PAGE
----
Eric smiled; but the puzzled look returned to his face many times that evening. He walked home in a brown study. Kilmeny’s case certainly seemed a strange one, and the more he thought of it the stranger it seemed.
“It strikes me as something very peculiar that she should be able to make sounds only when she is not thinking about it,” he reflected. “I wish David Baker could examine her. But I suppose that is out of the question. That grim pair who have charge of her would never consent.”
For the next three weeks Eric Marshall seemed to himself to be living two lives, as distinct from each other as if he possessed a double personality. In one, he taught the Lindsay district school diligently and painstakingly; solved problems; argued on theology with Robert Williamson; called at the homes of his pupils and took tea in state with their parents; went to a rustic dance or two and played havoc, all unwittingly, with the hearts of the Lindsay maidens.
But this life was a dream of workaday. He only lived in the other, which was spent in an old orchard, grassy and overgrown, where the minutes seemed to lag for sheer love of the spot and the June winds made wild harping in the old spruces.
Here every evening he met Kilmeny; in that old orchard they garnered hours of quiet happiness together; together they went wandering in the fair fields of old romance; together they read many books and talked of many things; and, when they were tired of all else, Kilmeny played to him and the old orchard echoed with her lovely, fantastic melodies.
At every meeting her beauty came home afresh to him with the old thrill of glad surprise. In the intervals of absence it seemed to him that she could not possibly be as beautiful as he remembered her; and then when they met she seemed even more so. He learned to watch for the undisguised light of welcome that always leaped into her eyes at the sound of his footsteps. She was nearly always there before him and she always showed that she was glad to see him with the frank delight of a child watching for a dear comrade.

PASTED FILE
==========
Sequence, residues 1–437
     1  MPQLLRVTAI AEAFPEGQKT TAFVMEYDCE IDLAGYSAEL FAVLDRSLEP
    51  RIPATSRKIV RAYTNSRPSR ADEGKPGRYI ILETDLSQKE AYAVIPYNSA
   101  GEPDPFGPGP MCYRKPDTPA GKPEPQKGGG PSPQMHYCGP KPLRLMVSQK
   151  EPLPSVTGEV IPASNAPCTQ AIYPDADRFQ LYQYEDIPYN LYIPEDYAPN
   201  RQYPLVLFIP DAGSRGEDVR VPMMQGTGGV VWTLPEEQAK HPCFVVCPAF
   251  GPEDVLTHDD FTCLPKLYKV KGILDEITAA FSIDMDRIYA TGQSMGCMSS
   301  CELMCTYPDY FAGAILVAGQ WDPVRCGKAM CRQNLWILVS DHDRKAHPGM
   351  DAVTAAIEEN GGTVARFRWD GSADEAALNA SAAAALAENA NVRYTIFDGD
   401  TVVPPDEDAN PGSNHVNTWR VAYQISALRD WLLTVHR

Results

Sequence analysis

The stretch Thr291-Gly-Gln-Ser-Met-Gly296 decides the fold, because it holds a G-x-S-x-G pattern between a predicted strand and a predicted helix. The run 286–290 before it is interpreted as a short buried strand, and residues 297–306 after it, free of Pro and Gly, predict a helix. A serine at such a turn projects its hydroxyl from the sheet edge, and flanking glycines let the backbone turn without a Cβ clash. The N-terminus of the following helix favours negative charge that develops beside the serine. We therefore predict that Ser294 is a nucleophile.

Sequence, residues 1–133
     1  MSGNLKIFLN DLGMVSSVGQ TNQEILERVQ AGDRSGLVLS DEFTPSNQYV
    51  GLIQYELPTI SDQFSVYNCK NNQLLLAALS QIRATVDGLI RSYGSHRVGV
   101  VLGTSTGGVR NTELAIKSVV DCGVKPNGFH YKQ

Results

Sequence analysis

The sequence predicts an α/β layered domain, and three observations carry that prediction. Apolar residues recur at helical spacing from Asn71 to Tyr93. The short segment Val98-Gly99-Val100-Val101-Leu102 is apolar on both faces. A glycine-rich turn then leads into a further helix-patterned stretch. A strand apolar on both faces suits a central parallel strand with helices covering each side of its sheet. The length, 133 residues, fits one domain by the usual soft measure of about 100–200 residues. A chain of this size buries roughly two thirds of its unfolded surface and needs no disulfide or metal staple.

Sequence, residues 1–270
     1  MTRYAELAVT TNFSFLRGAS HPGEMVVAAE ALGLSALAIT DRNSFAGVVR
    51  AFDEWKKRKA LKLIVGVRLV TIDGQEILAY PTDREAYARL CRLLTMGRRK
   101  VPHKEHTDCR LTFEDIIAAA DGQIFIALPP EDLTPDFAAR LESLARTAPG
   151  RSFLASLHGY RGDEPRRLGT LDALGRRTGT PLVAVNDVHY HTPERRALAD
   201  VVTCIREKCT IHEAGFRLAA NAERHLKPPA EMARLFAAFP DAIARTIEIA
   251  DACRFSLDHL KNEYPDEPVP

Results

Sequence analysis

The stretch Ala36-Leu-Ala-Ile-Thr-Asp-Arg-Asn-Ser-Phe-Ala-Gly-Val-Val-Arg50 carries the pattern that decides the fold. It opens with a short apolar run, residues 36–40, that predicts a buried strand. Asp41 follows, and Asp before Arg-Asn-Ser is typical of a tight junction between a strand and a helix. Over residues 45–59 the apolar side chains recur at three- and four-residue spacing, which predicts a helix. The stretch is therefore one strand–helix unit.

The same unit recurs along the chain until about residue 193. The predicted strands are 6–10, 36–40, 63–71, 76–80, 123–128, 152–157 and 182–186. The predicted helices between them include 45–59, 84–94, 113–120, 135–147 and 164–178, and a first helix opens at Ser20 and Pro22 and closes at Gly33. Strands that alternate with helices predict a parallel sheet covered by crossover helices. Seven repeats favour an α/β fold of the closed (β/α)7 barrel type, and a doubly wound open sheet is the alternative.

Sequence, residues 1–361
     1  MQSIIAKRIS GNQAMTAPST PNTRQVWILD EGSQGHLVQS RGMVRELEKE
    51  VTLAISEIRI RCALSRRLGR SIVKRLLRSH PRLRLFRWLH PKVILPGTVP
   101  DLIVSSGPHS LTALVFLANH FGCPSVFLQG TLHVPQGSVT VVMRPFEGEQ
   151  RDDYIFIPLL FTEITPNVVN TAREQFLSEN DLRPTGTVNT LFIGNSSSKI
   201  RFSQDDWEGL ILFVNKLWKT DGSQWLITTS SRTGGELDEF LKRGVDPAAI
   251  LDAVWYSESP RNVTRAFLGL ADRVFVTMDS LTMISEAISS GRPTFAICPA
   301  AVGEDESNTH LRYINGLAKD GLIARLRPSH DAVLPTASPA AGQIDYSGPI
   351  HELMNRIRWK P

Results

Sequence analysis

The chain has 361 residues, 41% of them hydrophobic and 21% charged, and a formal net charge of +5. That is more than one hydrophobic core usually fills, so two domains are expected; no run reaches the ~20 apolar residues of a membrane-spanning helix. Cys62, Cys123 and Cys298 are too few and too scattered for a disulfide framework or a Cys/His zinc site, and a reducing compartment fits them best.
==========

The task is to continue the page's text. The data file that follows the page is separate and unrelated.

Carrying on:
She was never in the same mood twice. Now she was grave, now gay, now stately, now pensive. But she was always charming. Thrawn and twisted the old Gordon stock might be, but it had at least this one offshoot of perfect grace and symmetry. Her mind and heart, utterly unspoiled of the world, were as beautiful as her face. All the ugliness of existence had passed her by, shrined in her double solitude of upbringing and muteness.
She was naturally quick and clever. Delightful little flashes of wit and humour sparkled out occasionally. She could be whimsical—even charmingly capricious. Sometimes innocent mischief glimmered out in the unfathomable deeps of her blue eyes. Sarcasm, even, was not unknown to her. Now and then she punctured some harmless bubble of a young man’s conceit or masculine superiority with a biting little line of daintily written script.